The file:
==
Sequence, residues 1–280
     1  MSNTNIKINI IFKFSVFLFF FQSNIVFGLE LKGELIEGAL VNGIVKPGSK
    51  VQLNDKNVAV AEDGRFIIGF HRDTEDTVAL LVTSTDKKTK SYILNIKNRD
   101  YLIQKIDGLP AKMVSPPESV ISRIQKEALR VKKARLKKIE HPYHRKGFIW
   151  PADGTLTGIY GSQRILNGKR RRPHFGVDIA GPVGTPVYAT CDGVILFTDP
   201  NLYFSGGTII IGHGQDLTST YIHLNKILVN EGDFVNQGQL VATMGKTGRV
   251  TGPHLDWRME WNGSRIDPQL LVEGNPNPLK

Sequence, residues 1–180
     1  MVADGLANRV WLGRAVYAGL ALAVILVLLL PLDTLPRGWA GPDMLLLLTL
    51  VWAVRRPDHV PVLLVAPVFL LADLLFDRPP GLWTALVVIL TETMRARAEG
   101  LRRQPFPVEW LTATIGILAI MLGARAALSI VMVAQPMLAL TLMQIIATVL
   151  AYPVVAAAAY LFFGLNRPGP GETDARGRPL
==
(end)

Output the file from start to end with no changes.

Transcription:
Sequence, residues 1–280
     1  MSNTNIKINI IFKFSVFLFF FQSNIVFGLE LKGELIEGAL VNGIVKPGSK
    51  VQLNDKNVAV AEDGRFIIGF HRDTEDTVAL LVTSTDKKTK SYILNIKNRD
   101  YLIQKIDGLP AKMVSPPESV ISRIQKEALR VKKARLKKIE HPYHRKGFIW
   151  PADGTLTGIY GSQRILNGKR RRPHFGVDIA GPVGTPVYAT CDGVILFTDP
   201  NLYFSGGTII IGHGQDLTST YIHLNKILVN EGDFVNQGQL VATMGKTGRV
   251  TGPHLDWRME WNGSRIDPQL LVEGNPNPLK

Sequence, residues 1–180
     1  MVADGLANRV WLGRAVYAGL ALAVILVLLL PLDTLPRGWA GPDMLLLLTL
    51  VWAVRRPDHV PVLLVAPVFL LADLLFDRPP GLWTALVVIL TETMRARAEG
   101  LRRQPFPVEW LTATIGILAI MLGARAALSI VMVAQPMLAL TLMQIIATVL
   151  AYPVVAAAAY LFFGLNRPGP GETDARGRPL